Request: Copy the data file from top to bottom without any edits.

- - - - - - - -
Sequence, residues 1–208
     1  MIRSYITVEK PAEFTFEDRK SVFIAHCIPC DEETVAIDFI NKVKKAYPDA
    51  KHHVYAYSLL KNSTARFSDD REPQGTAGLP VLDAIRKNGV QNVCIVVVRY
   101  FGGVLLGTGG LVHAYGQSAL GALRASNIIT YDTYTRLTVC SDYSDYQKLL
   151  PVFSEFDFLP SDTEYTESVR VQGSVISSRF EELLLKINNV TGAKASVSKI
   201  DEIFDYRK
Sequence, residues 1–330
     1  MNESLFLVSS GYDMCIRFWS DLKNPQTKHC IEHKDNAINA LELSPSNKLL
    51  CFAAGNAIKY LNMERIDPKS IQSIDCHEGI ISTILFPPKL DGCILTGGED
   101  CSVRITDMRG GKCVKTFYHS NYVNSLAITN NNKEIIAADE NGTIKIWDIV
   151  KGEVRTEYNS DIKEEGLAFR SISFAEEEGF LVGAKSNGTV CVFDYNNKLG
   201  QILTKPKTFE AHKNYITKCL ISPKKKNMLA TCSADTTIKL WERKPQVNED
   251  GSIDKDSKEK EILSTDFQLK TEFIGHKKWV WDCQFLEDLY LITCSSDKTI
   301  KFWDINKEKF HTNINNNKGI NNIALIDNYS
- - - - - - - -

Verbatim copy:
Sequence, residues 1–208
     1  MIRSYITVEK PAEFTFEDRK SVFIAHCIPC DEETVAIDFI NKVKKAYPDA
    51  KHHVYAYSLL KNSTARFSDD REPQGTAGLP VLDAIRKNGV QNVCIVVVRY
   101  FGGVLLGTGG LVHAYGQSAL GALRASNIIT YDTYTRLTVC SDYSDYQKLL
   151  PVFSEFDFLP SDTEYTESVR VQGSVISSRF EELLLKINNV TGAKASVSKI
   201  DEIFDYRK
Sequence, residues 1–330
     1  MNESLFLVSS GYDMCIRFWS DLKNPQTKHC IEHKDNAINA LELSPSNKLL
    51  CFAAGNAIKY LNMERIDPKS IQSIDCHEGI ISTILFPPKL DGCILTGGED
   101  CSVRITDMRG GKCVKTFYHS NYVNSLAITN NNKEIIAADE NGTIKIWDIV
   151  KGEVRTEYNS DIKEEGLAFR SISFAEEEGF LVGAKSNGTV CVFDYNNKLG
   201  QILTKPKTFE AHKNYITKCL ISPKKKNMLA TCSADTTIKL WERKPQVNED
   251  GSIDKDSKEK EILSTDFQLK TEFIGHKKWV WDCQFLEDLY LITCSSDKTI
   301  KFWDINKEKF HTNINNNKGI NNIALIDNYS